It wasn’t humans that killed the mammoth, it was climate change
For years, science has been debating the possible causes of the extinction of ancient animals. For a long time people were responsible for this. But a new study tells a different story.
Woolly mammoths disappeared from the Earth’s surface about 4,000 years ago. For a long time science assumed they were exterminated by our ancestors. But a new study now highlights completely different causes.
Woolly mammoths and their ancestors lived on Earth for more than 5 million years and survived several ice ages during this period. Fossil finds show that they were present on every continent except Australia and South America. They also lived alongside humans for about 2,000 years: their meat served as food, their skeleton as shelter and their fangs as spears. Mammoths fed on herbs and plants that grew despite the cold time.
Mammoths have lived millions of years without experiencing climate change. But when they lived with humans, they didn’t survive for long,” Eske Willerslev explains why science assumes that humans are responsible for the animal’s extinction. Willerslev is a professor at The University of Cambridge published the new study. According to this, the mammoth was not doomed by people, but by warmer temperatures.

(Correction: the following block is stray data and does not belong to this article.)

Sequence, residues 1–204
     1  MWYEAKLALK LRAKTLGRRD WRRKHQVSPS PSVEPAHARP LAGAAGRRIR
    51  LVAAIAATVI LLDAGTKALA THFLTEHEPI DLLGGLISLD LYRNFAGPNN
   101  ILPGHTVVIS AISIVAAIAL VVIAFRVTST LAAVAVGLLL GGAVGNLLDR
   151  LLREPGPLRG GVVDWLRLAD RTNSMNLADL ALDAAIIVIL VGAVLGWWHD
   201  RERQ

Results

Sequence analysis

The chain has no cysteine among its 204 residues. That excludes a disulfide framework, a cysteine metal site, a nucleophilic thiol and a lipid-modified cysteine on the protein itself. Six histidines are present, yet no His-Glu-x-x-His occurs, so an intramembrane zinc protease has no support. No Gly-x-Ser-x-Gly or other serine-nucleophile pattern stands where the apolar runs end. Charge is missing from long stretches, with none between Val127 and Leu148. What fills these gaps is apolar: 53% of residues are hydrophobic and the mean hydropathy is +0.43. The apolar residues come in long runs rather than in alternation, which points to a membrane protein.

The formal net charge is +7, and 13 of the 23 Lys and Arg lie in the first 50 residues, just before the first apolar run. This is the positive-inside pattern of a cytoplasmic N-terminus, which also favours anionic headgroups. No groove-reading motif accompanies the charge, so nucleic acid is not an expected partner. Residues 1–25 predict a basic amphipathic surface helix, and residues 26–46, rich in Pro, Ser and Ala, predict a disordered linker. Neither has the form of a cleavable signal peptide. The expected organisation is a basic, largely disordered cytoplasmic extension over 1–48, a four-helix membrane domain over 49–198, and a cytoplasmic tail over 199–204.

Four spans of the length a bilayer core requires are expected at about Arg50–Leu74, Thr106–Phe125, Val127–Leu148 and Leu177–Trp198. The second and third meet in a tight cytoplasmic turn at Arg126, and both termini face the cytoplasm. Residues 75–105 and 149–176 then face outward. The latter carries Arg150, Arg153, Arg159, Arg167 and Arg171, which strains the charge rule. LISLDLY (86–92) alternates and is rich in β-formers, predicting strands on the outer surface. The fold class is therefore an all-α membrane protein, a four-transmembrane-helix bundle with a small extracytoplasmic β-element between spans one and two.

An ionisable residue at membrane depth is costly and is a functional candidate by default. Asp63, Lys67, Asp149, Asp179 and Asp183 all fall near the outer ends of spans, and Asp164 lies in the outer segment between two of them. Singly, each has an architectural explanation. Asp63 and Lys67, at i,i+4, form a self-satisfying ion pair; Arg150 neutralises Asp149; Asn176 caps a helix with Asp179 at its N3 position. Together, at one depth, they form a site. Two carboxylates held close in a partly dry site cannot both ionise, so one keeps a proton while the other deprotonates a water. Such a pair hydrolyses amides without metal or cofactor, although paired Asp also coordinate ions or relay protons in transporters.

Mammoths lived longer than previously thought
For ten years, university scientists have used a new technology to study DNA from plant and animal remains collected from mammoth sites in the Arctic. It turns out that mammoths existed after the last ice age and did not die at the end of the ice age, as was previously assumed. But its genetic diversity has been decreasing more and more, as has the size of its population.
The reason for this is precipitation, which has increased with rising temperatures: grassland vegetation has become more fertile, larger and has destroyed the livelihoods of woolly mammoths. As a result, the animals’ food became increasingly scarce and they could not adapt quickly enough to this change, according to the study’s authors. Professor Willerslev:
“This is a rough lesson from history and shows us how unpredictable climate change is – once something is lost, it never comes back.”
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